Kitchen designs, bathroom designs, and more ∨

Before starting a bathroom remodel, search for bathroom ideas and interesting products, including a one-of-a-kind tub, vanity and bathroom sink.
With the help of a bath designer, revamp your bland bathroom with a walk-in shower stall, multiple bath sinks and new bathroom cabinets.

Tuesday, October 22, 2013

Mirror, Mirror

I love mirrors. If they are funky and old, that much better...the view through a faded or tarnished or aged glass makes me feel as if I'm looking back in time. I'm drawn to all shapes and sizes, worn and aged, painted and plaster.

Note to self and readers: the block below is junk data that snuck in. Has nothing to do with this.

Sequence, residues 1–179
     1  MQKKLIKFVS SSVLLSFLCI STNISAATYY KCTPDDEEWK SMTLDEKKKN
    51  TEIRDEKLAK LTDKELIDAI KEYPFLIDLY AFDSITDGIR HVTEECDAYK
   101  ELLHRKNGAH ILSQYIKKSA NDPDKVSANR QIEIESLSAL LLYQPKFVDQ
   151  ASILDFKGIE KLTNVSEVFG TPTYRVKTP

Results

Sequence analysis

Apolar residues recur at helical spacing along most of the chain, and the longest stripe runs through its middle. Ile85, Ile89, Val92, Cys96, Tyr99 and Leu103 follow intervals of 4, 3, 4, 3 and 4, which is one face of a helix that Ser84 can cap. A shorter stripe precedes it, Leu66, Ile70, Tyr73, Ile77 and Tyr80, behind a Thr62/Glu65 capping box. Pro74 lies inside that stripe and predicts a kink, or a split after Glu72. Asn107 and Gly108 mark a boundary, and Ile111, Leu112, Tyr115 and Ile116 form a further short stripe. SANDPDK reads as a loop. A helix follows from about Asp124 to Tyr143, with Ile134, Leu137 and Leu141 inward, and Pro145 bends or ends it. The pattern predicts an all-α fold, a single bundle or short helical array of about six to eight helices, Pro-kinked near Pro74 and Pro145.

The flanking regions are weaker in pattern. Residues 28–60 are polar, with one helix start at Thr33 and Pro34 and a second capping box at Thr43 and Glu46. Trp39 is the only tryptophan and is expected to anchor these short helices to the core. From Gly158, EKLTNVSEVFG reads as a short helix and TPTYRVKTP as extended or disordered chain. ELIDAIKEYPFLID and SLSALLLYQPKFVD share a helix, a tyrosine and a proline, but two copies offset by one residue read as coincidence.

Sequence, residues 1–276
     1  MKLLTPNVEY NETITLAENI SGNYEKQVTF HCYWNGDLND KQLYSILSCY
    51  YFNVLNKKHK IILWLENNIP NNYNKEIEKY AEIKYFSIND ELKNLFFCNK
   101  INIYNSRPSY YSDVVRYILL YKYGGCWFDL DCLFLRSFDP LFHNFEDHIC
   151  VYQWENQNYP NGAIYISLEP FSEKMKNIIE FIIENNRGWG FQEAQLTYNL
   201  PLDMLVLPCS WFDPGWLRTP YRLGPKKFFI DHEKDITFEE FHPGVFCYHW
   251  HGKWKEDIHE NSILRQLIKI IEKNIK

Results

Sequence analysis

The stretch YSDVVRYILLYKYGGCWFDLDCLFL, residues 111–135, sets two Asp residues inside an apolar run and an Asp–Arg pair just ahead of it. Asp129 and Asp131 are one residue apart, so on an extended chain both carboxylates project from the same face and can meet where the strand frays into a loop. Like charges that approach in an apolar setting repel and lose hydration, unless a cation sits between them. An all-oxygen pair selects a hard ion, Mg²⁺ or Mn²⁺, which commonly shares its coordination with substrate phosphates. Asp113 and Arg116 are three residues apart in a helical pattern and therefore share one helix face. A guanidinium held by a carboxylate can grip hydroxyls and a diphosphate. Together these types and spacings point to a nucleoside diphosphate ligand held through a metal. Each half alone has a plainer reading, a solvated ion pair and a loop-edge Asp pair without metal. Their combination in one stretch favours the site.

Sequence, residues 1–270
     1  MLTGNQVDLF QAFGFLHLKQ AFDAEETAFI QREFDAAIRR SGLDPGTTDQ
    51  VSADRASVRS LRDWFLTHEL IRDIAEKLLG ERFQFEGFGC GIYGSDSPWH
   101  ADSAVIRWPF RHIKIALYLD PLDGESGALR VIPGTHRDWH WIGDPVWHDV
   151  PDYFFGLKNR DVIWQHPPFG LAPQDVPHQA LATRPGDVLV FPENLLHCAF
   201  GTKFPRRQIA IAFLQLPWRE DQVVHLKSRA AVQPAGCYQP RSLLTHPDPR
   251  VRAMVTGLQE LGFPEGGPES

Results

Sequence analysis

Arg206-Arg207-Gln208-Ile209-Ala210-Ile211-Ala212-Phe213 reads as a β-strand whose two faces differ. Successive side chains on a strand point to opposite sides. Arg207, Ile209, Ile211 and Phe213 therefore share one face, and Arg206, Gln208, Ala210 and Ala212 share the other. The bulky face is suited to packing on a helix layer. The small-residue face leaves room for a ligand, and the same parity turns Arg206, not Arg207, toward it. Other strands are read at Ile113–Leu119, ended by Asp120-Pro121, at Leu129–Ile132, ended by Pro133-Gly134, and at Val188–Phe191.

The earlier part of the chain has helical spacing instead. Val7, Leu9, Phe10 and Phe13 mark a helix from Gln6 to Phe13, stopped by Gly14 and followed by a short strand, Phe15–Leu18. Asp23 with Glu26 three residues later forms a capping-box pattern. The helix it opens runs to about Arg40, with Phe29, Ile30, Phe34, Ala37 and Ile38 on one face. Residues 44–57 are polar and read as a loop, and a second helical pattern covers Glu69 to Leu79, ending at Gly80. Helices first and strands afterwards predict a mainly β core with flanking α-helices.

a glimpse of  an image in a mirror tells a story that may otherwise obscured from view,

I love how they reflect light and expand a vista....

We can be mirrors...reflecting the emotions, moods and  attitudes of our world....

A mirror can display a vision of who we are or what we want to be.

When I saw this Sunburst Mirror in the last issue of This Old House, I knew we had to make it. 


The good folks at This Old House have given us a great tutorial on their website.

It's made from carpenter wood shims. and a mirror (which, by the way, JR purchased at the new Hobby Lobby, and I didn't get to go with him).

It was a gift made  for someone special.

I hope when they look into it, they see not only a refection of now, but the possibility of what can be.